The South Asian Association for Regional Cooperation (SAARC) was established with the signing of the SAARC Charter in Dhaka on 8 December 1985. The idea of regional cooperation in South Asia was first raised in November 1980. After consultations, the foreign secretaries of the seven founding countries—Bangladesh, Bhutan, India, Maldives, Nepal, Pakistan, and Sri Lanka—met for the first time in Colombo in April 1981. Afghanistan became the newest member of SAARC at the 13th annual summit in 2005. The Headquarters and Secretariat of the Association are at Kathmandu, Nepal. The Objectives of the SAARC is to promote the welfare of the people of South Asia and to improve their quality of life. To accelerate economic growth, social progress and cultural development in the region and to provide all individuals the opportunity to live in dignity and to realize their full potentials. To promote and strengthen collective self-reliance among the countries of South Asia. To contribute to mutual trust, understanding and appreciation of one another’s problems. To promote active collaboration and mutual assistance in the economic, social, cultural, technical and scientific fields.

Regional Comprehensive Economic Partnership (RCEP) was signed into existence by 15 countries led by China, Japan, South Korea, Australia, New Zealand and the 10-state ASEAN grouping, creating one of the world’s largest trading blocs. India had been a part of negotiations for almost nine years till it pulled out in November 2019, stating that inadequate safeguards and lowering of customs duties will adversely impact its manufacturing, agriculture and dairy sectors. However, by staying out, India has blocked itself from a trade bloc that represents 30% of the global economy and world population, touching over 2.2 billion people. Further, as the summary of the final agreement shows that the pact does cover and attempt to address some issues that India had flagged, including rules of origin, trade in services, movement of persons. Therefore, this makes the case of India to review its decision and look RCEP through the lens of economic realism.


Neighbourhood First: Through a series of diplomatic efforts, India should make valiant efforts to improve relations with some of its neighbours such as Bangladesh, Myanmar and Sri Lanka, In this context, as the world emerges from the pandemic, India has a lot to gain from what could be “vaccine diplomacy” with neighbours in 2021 — supplying vaccines either free or at affordable costs.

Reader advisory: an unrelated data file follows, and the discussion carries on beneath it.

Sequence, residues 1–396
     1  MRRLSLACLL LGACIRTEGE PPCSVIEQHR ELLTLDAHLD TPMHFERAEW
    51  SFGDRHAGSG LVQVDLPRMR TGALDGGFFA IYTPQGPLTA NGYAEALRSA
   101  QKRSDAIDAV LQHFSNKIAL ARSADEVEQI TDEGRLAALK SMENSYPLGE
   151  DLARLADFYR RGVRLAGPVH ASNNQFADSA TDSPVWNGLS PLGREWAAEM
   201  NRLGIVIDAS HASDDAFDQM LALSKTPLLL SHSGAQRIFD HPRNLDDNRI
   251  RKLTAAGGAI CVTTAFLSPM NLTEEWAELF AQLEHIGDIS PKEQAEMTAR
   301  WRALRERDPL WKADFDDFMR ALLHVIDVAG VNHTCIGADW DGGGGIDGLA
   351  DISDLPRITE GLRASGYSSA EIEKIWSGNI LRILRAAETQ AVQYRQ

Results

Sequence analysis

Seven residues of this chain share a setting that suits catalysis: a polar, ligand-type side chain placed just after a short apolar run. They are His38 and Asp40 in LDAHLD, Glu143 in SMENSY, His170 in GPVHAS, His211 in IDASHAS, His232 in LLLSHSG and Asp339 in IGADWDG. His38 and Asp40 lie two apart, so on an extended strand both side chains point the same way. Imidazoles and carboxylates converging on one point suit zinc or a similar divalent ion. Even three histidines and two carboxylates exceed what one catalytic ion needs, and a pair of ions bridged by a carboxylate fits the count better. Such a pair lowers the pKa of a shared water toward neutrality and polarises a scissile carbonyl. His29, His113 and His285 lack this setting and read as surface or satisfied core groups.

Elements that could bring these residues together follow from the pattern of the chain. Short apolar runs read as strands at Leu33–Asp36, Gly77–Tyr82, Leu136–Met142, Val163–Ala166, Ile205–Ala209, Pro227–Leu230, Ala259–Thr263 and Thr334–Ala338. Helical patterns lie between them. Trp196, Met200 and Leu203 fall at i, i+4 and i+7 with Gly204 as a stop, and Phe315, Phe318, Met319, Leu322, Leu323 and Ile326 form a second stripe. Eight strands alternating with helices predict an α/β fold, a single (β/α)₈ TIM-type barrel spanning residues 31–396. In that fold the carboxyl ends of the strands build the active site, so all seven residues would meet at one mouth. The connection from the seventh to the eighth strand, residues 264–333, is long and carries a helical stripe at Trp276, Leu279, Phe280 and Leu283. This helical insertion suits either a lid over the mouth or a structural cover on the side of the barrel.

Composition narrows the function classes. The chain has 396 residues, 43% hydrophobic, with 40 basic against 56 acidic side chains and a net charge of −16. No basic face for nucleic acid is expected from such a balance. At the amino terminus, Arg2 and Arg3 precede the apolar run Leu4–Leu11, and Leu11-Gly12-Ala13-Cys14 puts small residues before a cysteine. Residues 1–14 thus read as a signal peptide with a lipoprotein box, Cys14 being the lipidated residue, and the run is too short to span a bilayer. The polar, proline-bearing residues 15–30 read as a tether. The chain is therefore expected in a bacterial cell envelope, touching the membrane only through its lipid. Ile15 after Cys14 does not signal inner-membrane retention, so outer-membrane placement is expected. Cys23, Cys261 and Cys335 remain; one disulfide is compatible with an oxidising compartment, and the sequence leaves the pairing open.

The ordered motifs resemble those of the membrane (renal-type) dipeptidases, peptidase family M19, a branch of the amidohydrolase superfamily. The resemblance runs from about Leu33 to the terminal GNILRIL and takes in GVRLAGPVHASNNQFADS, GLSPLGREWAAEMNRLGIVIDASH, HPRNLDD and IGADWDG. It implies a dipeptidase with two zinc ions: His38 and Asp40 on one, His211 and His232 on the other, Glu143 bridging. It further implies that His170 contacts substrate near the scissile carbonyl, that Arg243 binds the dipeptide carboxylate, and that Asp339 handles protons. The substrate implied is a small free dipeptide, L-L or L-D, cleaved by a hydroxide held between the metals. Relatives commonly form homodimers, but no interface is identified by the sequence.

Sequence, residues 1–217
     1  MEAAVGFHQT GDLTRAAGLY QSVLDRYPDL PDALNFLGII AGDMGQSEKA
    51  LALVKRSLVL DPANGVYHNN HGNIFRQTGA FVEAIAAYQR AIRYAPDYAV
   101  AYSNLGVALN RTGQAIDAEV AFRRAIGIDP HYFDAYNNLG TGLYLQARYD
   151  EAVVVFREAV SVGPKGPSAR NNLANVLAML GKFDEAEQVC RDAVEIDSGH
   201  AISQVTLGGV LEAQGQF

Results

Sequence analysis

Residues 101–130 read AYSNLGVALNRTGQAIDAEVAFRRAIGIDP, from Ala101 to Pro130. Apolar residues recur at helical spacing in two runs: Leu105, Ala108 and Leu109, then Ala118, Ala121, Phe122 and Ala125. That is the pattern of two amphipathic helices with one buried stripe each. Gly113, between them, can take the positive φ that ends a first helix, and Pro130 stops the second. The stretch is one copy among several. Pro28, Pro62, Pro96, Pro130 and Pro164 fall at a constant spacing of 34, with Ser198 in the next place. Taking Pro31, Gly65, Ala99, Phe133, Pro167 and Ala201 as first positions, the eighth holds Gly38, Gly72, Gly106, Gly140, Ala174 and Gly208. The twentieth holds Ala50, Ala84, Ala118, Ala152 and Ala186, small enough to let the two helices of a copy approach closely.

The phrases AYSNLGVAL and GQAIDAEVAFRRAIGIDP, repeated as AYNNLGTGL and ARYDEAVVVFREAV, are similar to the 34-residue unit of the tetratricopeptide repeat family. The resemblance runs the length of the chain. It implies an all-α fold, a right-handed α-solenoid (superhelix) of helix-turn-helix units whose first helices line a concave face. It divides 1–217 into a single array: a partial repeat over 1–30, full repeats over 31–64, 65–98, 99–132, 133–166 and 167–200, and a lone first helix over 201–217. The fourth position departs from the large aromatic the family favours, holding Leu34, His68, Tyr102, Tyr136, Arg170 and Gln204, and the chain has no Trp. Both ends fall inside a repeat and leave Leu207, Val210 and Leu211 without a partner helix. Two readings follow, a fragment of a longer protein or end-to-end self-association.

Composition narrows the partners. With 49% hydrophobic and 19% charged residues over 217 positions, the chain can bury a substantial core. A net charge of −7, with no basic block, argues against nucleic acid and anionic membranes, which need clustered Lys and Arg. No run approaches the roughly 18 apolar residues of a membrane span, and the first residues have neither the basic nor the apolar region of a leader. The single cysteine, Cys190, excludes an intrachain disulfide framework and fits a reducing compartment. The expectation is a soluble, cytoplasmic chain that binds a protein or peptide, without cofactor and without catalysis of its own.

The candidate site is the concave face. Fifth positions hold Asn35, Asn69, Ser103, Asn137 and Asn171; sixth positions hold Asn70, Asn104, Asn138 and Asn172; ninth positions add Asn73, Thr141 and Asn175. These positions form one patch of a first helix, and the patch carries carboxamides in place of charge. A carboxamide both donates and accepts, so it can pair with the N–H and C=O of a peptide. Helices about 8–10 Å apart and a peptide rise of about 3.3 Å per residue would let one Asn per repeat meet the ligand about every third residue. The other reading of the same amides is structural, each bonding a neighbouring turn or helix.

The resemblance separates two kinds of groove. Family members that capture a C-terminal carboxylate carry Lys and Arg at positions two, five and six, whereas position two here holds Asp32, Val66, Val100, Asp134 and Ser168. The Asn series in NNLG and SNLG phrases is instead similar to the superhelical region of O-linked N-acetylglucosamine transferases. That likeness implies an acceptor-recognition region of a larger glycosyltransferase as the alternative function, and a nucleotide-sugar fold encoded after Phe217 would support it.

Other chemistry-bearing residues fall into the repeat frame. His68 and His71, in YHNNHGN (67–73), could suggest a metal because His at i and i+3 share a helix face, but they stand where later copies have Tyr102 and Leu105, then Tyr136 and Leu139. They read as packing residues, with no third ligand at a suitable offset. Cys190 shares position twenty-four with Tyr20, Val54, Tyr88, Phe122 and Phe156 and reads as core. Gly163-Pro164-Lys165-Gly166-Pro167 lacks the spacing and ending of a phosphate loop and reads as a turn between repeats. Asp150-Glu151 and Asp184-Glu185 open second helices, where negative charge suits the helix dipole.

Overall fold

External Aid in Adequate Measure: The current standoff with China has reinforced JL Nehru’s belief in 1963 that India needs “external aid in adequate measure”. In this context, India will need continuing support from the US, Japan, Australia, besides European leaders such as France, Germany and the UK. India should appreciate European entry into Indo-pacific narrative, as already, France and Germany have come up with their Indo-Pacific strategy.

India at UNSC High Table: As India enters the UN Security Council as a non-permanent member for the eighth time, India should raise all-important global matters like China’s aggressiveness— from Tibet to Taiwan, Iran-Saudi rivalry, refugee crisis between Bangladesh and Myanmar, etc. India should refrain from a limited focus on isolating Pakistan, as it would distract from India’s aspirations of being a global leader.

Engaging With US: As the future of Quad and the Indo-Pacific strategy relies on the new US administration, India will need to build on its deepening strategic and defence ties with the US and resolve trade and visa issues. In the light of the changing actualities of the international situation, India must cautiously play foreign policy, if it wants to emerge as a global rather than an aspirational player.